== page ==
Tuesday, June 4, 2013

the new Amon Amarth: "Deceiver of the Gods"

Amon Amarth: "Deceiver of the Gods"
Get ready, June 25th is the day!
Ten songs, and about 48 minutes of Amon Amarth music. I’m happy to report that all is great in the Amon Amarth camp. This model of consistency, reliability and quality will once again satisfy the metalheads. Overall, the galloping riffs and the melodic hooks/solos illustrate why this band has never disappointed me. From the looks of it, those into them will also be pleased. The vocals are gruff, as always, but easy to growl along to. The drums sound perhaps a bit more speedy, with excellent segments of double-bass where it’s needed.
Most importantly, you can bang your head like nobody’s business. The band has mastered the art of headbanging, memorable melodic/growl metal. Put it on your “to get” list because it has everything that Amon Amarth listeners have gotten used to over the years: quality songwriting, catchy melodies, uptempo/galloping riffs, and a great sense of how to get you moving.
Let’s put things in perspective, shall we?
Nine albums, since the 1998 debut.
1.Since Amon Amarth was officially formed in 1992 until now in 2013, there are only 3 ex-members (according to Metal Archives).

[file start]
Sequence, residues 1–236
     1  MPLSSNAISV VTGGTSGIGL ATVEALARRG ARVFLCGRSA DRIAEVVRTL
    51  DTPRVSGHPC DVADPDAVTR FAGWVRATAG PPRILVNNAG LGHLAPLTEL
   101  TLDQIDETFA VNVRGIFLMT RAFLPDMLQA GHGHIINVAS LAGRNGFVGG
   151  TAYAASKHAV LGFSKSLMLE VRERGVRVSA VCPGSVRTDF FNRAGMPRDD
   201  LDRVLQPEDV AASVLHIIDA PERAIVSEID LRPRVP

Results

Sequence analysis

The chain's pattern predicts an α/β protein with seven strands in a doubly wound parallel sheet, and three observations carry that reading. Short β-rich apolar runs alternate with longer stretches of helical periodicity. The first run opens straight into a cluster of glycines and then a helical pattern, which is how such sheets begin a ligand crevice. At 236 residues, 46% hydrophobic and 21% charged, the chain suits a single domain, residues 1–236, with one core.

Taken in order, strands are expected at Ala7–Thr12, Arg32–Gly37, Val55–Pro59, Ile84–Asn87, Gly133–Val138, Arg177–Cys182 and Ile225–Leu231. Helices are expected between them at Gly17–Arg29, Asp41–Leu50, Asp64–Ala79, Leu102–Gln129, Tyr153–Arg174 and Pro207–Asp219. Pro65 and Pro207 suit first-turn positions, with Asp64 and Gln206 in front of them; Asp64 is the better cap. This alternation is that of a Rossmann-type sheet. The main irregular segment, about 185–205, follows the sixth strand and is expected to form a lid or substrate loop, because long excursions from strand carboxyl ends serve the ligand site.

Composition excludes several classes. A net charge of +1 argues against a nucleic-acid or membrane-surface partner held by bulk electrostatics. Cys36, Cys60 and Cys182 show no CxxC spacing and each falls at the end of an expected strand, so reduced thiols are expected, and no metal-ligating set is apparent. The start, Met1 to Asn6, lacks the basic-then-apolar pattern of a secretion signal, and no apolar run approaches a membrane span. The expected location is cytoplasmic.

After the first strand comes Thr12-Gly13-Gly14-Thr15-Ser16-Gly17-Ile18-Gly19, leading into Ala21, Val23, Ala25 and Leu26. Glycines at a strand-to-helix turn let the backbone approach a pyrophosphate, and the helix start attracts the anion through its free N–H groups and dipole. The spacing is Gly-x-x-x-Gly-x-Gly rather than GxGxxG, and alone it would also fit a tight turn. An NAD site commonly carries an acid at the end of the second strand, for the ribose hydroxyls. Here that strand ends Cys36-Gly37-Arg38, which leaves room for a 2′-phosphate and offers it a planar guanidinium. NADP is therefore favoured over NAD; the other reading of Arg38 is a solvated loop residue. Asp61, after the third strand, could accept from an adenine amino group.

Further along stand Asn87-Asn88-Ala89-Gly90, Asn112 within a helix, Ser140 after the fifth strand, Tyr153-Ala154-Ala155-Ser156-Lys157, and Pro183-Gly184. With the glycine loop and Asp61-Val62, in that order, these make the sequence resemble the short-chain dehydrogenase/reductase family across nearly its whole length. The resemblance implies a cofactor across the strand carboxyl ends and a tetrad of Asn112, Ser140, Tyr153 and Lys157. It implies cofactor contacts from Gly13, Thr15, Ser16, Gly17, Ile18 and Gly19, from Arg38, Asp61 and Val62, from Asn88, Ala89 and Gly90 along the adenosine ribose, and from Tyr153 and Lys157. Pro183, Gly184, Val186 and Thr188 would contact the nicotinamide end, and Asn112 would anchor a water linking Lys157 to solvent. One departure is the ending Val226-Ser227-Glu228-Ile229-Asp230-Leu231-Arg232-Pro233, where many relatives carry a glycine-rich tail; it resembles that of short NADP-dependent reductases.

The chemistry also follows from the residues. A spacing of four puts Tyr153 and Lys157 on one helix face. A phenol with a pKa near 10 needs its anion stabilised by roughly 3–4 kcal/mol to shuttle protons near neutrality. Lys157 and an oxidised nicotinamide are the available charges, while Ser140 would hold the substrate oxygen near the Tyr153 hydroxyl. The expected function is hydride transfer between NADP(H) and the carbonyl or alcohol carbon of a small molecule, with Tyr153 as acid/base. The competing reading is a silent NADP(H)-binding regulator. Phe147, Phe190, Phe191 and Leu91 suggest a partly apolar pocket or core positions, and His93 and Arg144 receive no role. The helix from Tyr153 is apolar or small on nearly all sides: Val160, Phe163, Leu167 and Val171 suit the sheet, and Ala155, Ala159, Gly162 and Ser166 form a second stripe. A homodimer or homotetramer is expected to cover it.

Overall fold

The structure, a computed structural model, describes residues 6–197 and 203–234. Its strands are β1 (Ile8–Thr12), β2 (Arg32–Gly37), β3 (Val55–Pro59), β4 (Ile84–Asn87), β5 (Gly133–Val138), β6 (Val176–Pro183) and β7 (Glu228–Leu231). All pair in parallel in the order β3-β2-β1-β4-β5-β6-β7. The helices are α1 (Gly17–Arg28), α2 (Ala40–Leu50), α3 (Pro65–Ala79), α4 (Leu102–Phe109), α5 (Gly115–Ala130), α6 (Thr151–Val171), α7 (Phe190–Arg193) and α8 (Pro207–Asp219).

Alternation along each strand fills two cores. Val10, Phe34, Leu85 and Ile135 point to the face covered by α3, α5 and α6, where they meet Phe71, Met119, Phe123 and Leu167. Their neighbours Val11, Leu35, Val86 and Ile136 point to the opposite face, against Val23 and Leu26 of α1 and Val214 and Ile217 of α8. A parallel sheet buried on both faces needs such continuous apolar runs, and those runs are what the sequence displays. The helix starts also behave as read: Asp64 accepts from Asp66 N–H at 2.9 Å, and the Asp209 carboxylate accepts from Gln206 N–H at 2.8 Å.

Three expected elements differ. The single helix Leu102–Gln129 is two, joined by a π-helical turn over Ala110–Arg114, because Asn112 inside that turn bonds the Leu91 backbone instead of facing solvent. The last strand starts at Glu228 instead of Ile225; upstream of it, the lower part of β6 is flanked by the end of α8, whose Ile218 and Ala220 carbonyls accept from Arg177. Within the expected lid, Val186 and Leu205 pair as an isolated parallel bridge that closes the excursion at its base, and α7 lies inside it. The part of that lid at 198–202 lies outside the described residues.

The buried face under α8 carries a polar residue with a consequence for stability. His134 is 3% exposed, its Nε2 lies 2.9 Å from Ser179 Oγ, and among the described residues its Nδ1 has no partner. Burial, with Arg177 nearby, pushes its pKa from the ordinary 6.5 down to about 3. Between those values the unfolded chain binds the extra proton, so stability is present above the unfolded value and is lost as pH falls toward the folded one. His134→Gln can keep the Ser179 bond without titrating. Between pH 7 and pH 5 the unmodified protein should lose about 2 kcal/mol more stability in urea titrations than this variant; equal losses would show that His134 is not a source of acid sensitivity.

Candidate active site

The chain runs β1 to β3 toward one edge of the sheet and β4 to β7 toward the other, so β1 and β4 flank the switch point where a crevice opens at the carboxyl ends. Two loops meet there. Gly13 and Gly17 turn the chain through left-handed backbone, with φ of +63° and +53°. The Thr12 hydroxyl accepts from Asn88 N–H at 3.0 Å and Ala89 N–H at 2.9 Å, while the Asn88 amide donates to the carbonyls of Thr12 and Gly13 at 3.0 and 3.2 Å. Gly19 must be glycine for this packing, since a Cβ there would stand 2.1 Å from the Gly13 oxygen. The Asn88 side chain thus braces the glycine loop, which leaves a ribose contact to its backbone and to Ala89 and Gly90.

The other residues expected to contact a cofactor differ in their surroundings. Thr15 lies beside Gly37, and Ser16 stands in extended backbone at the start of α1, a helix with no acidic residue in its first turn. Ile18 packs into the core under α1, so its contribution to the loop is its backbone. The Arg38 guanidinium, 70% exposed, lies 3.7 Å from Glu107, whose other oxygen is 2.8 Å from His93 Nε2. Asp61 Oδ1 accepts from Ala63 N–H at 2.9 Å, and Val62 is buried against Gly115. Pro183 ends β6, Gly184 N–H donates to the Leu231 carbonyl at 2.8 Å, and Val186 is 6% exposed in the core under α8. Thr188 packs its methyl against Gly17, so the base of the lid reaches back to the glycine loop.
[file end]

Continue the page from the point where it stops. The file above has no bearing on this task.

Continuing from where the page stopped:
2. Ted (bass), Olavi (guitars), and Johan H. (vocals) are from 1992 until now, and Fredrik (drums) and Johan S. (guitars) joined in 1998. This is the lineup from 1998 until the present.
Throughout nine albums the band has gradually changed from a death metal band to uptempo and memorable growl metal, while adding some heavy metal catchiness.
Formed in 1992, it’s like Amon Amarth has studied the history of legendary metal bands, has avoided those huge missteps that alienate their listeners, while getting bigger each time.
Never taking much more than 2 years to make an album since 1998, here’s one way to look at it.
Think about your favorite bands, and think about the missteps they have taken:
--the “alternative rock” albums
--the dreaded “concept” albums
--the rap/rap rock/nu “metal” trend jumping
--the switching from metal to U.S.-style screamo/emo/breakdown/chugga growl-sing
--the “back to the roots” failures
--the lame “reunion” albums
--the techno/dance fails, the “grunge” periods
--the vocalist leaving
--the guitarists leaving
--the unpredictable/frustrating style changes from album to album
--the boring “acoustic” albums
--the terrible “two versions of the same band”
--the revolving door of musicians
--the long hiatuses
--the fighting about money
--the constant cancelling of shows
and so many other problems.
Do you know how much of that garbage Amon Amarth has dished out to their fans?
Can it really be zero of that drama and nonsense?!!
Sure looks that way, doesn’t it?
Can you believe it?
That’s Amon Amarth.

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